Data management in the Hadoop ecosystem is still in the early stages of development. The goal of cheaper and more effective ways of collecting, storing, processing and distributing structured and unstructured data (as well as internal and external data sources) has been impeded by complexity, lack of qualified professionals and difficulty in managing data.
Data movement and management in Hadoop is challenging. It includes data motion, process orchestration, lifecycle management and data discovery. The trick to simplifying data management in Hadoop is to process data in a decentralized fashion by pushing complexity into the platform - enabling data engineers to focus on the processing / business logic.
Apache Falcon is an open source data processing and management solution for the Hadoop ecosystem. It simplifies the management of data by enabling users to define infrastructure endpoints (e.g., clusters, HBase, databases, HCatalog), logical tables/feed/datasets (e.g., location, permissions, source, retention limits, replication targets) and processing rules (e.g., inputs, outputs, schedule, business logic) as configurations.
Hadoop Falcon addresses:
Falcon allows users to on-board data sets with a complete understanding of how, when and where their data is managed across its lifecycle. It uses Apache Oozie for coordinating workflows. Workflow templates are used for data management. Falcon provides open APIs that enable those workflows to be orchestrated more broadly to allow integration between data warehouse systems (e.g., orchestrate data lifecycle workflows within Hadoop as well as with a Teradata system).
The Berkeley Data Analytics Stack (BDAS) is an open source, next-generation data analytics stack under development at the UC Berkeley AMPLab whose current components include Spark, Shark and Mesos.
One flaw of Hadoop MapReduce is high latency. Considering the growing volume, variety and velocity of data, organizations and data scientists require faster analytical platforms. Put simply, speed kills and Spark gains speed through caching and optimizing the master/node communications.
Spark is an open source cluster computing system that makes data analytics fast. To run programs faster, Spark provides primitives for in-memory cluster computing: your job can load data into memory and query it repeatedly much quicker than with disk-based systems like Hadoop MapReduce. Download for a test drive: http://spark-project.org/downloads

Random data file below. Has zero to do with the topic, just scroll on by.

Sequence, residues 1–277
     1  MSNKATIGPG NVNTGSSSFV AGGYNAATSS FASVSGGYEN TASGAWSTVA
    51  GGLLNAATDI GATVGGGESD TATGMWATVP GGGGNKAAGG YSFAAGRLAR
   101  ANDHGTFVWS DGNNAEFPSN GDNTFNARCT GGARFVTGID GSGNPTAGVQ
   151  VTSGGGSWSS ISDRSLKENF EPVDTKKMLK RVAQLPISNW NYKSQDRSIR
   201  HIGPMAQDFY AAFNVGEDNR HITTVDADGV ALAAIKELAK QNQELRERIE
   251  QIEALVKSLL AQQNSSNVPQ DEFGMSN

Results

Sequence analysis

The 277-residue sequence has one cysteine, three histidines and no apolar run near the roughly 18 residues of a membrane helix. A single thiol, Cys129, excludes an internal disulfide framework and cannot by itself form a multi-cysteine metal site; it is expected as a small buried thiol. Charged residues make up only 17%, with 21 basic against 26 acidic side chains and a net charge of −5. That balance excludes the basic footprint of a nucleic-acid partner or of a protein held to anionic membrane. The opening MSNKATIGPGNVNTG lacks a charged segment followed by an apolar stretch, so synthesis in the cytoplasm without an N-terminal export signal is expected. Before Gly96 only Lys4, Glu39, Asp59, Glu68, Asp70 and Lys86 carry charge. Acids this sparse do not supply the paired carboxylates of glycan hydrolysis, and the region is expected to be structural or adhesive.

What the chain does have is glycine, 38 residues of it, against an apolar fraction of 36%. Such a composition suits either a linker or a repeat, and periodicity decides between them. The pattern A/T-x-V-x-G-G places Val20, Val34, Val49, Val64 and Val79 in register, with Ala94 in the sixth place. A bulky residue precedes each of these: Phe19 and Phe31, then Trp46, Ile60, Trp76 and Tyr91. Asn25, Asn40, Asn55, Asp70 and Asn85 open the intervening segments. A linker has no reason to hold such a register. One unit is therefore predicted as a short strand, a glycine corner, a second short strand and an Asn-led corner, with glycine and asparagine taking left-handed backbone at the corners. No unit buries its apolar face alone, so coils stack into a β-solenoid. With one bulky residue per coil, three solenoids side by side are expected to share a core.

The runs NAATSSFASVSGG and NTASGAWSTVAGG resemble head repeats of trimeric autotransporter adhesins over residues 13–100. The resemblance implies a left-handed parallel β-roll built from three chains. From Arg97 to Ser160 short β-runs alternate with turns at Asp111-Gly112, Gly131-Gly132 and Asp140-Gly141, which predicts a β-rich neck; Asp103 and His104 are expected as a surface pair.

Spark is a high-speed cluster computing system compatible with Hadoop that can outperform it by up to 100 times considering its ability to perform computations in memory. It is a computation engine built on top of the Hadoop Distributed File System (HDFS) that efficiently support iterative processing (e.g., ML algorithms), and interactive queries. Spark provides an easy-to-program interface that is available in Java, Python, and Scala. Spark Streaming is a component of Spark that provides highly scalable, fault-tolerant streaming processing. With this functionality, Spark provides integrated support for all major computation models: batch, interactive, and streaming.
Shark is a large-scale data warehouse system that runs on top of Spark and is backward-compatible with Apache Hive, allowing users to run unmodified Hive queries on existing Hive workhouses. Shark is able to run Hive queries 100 times faster when the data fits in memory and up to 5-10 times faster when the data is stored on disk. Shark is a port of Apache Hive onto Spark that is compatible with existing Hive warehouses and queries. Shark can answer HiveQL queries up to 100 times faster than Hive without modification to the data and queries, and is also open source as part of BDAS.
The Shark data analysis warehouse system:
By using Spark as the execution engine and employing novel and traditional database techniques, Shark bridges the gap between MapReduce and MPP databases.
Take Shark for a drive on EC2 (takes 10 minutes to spin up a cluster): http://shark.cs.berkeley.edu
Mesos is a cluster manager that provides efficient resource isolation and sharing across distributed applications such as Hadoop, MPI, Hypertable, and Spark. As a result, Mesos allows users to easily build complex pipelines involving algorithms implemented in various frameworks.